On standing up for yourself…

I mentioned earlier that I had to lay the smack down on the financial folks when buying our house, and its time for me to explain. B and I are first time home-buyers.. clearly. We’re reasonably intelligent people, both with college degrees, stable jobs, and a working understanding of personal finance. I’m an attorney who reads and writes legal documents for a living and B works in corporate finance. All of this to say– as first time home buyers go, we should be ahead of the curve on what we understand about the process, the vocab, and the documents involved in buying a home.

That is why I was so surprised when I received our good faith estimate of closing costs and prepaids from the financial lady, and I didn’t understand most of what I was looking at. I sent it to B, and he didn’t understand either… clearly, this document was not made to be easily deciphered by the home buyer. I’m not one to agree to anything I don’t fully understand (especially when you’re talking about spending hundreds of thousands of dollars and signing a 30 year mortgage), so I went through the document very carefully and responded to the financial lady’s email with twenty-five numbered questions that I had about the document. I asked her to please respond to my email with the answer to each question inserted after the question in the text of the email. This way, I would have a written record of her answers and everything would stay organized.

Is this something most people do? Probably not. They probably assume that they’re not meant to understand and just say okay… but not understanding is not okay with me and I believe that people have a right to understand where their money is going.

Imagine my surprise, given my exceedingly clear email, when I received back a two sentence email that didn’t seem to directly answer any of my questions. Hm.. frustrating, but I didn’t give up. I responded:

To which of my questions are you referring? Could you please answer ALL of my questions as I asked?

Surely… this would solve the problem? I receive back an email with about 5 sentences… none directly referring to any of my questions just more general information. I was so confused. And at this point, pissed. Next up:

I have to be honest here that I am getting a bit frustrated. I am a first time home buyer and I do not think that I am being unreasonable in wanting to understand ALL of the money that will be coming out of my bank account for the next 30 years. I sent you a list of very specific questions that you seem very reluctant to answer. I am sure that it is annoying to answer the same questions for person after person and I am sure that you are very busy– I sympathize. However if we are seriously considering using M/I financial to finance the biggest purchase of our lives then I believe that I deserve to have ALL of my questions answered. I listed them very specifically with room for you to insert answers to make things as clear as possible so that we do not have room for misunderstanding. Please understand that what may be common sense to you– a person who works with mortgages for a living– is not common sense to someone who has never even purchased a car. I need to fully understand what I am doing here. There has already been some serious misunderstanding between M/I and myself due to imprecise emails, and I would like to avoid that problem again. I do not want to have to email you back 15 times to ask you each of the questions you are not answering individually.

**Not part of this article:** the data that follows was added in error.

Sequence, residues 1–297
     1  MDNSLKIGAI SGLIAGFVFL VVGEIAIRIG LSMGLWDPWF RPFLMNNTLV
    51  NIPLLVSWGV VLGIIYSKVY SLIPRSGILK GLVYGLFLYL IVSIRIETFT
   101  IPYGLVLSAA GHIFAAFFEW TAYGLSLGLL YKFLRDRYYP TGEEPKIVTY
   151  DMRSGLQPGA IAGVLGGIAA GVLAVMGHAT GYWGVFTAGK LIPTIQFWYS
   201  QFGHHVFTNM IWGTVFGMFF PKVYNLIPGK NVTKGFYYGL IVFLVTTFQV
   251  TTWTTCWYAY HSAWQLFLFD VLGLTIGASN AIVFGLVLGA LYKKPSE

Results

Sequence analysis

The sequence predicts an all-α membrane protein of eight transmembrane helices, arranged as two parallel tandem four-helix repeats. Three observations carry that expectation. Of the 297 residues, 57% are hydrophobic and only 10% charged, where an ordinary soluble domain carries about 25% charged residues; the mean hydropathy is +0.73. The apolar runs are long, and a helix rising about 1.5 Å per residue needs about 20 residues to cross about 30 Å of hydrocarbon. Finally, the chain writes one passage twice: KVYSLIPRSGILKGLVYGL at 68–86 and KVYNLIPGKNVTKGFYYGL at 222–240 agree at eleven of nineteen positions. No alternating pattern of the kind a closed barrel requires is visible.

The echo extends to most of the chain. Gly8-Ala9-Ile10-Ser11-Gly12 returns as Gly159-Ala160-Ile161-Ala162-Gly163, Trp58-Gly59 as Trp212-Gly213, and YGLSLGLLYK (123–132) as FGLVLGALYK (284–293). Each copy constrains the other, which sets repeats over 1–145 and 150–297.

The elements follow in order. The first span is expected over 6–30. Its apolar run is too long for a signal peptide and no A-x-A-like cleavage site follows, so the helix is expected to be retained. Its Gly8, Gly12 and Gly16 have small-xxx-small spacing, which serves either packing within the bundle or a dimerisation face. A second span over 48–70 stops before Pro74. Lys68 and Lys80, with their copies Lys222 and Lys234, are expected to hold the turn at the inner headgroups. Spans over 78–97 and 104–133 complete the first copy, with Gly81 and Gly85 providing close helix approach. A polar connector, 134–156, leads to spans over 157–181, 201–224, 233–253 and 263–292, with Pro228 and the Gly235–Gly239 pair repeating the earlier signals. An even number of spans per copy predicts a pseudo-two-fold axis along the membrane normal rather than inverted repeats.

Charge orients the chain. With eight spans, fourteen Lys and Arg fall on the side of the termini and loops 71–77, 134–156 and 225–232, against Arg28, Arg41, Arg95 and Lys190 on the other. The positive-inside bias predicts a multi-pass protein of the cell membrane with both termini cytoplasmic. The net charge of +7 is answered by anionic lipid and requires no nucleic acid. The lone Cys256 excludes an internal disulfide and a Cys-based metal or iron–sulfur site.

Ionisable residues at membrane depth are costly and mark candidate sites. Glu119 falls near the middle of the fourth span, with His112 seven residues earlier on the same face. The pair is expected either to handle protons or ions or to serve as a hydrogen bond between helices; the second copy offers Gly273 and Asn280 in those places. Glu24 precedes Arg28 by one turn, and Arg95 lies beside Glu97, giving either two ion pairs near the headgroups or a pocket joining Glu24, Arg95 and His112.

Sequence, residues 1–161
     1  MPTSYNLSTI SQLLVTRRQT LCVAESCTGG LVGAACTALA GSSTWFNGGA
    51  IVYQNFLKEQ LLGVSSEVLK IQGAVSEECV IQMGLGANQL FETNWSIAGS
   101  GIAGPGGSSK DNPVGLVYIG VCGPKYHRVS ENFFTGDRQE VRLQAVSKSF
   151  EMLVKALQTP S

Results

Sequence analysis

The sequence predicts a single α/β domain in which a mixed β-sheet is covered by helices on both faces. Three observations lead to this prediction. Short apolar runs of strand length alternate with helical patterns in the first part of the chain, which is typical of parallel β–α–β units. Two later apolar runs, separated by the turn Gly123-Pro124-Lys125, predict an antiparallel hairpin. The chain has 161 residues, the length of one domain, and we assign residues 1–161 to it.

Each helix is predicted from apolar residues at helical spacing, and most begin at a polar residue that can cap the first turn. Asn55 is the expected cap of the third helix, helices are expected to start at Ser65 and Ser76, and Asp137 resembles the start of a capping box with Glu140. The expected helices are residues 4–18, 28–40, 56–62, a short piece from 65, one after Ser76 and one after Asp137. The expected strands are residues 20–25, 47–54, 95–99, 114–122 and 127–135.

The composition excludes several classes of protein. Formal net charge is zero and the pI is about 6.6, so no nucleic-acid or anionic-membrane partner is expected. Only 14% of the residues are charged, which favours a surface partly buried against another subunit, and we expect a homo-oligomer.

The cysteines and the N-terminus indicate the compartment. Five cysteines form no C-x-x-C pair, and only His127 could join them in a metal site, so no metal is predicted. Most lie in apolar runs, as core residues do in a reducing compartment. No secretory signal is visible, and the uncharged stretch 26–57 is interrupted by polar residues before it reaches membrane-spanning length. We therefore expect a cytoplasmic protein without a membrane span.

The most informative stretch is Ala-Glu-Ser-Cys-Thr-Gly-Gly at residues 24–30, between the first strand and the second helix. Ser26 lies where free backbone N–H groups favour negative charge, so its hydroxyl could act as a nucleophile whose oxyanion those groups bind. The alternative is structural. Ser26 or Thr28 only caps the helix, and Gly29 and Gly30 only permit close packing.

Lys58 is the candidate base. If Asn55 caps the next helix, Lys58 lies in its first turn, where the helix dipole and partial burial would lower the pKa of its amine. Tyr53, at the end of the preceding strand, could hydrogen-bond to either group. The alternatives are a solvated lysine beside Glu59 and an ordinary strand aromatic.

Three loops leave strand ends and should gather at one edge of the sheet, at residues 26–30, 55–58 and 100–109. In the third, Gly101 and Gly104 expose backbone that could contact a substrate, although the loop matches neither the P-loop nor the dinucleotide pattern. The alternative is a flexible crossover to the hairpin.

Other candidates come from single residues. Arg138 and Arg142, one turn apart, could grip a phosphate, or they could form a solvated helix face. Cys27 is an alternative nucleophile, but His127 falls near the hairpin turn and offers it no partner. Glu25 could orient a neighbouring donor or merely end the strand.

If you are refusing to answer all of my questions please let me know right now so that I can assess my next move.

Bitchy? Maybe. But I stand by my statements. People will take advantage of you, they will glaze over facts, they will avoid answering questions. If I ask the same question over and over and I’m not getting an answer, I will not give up. I’ll just ask again. Because eventually? You will get answers to your questions.

Now, it did take several more emails before all of the questions were answered fully and to my understanding, but I am confident now that I understand every line of our estimate. Point being: STAND UP FOR YOURSELF. Don’t feel bad for asking questions. Don’t be intimidated if you’re getting ignored. Don’t feel stupid for not understanding! This is complicated stuff, and you deserve to understand it all!

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One thought on “On standing up for yourself…

  1. You did a great job as a first time home buyer. You have the right to know it all. You are an example of what first time home buyers should be in order to avoid untoward incident on finances. One thing is clear, that financial lady is very very risky to work with.

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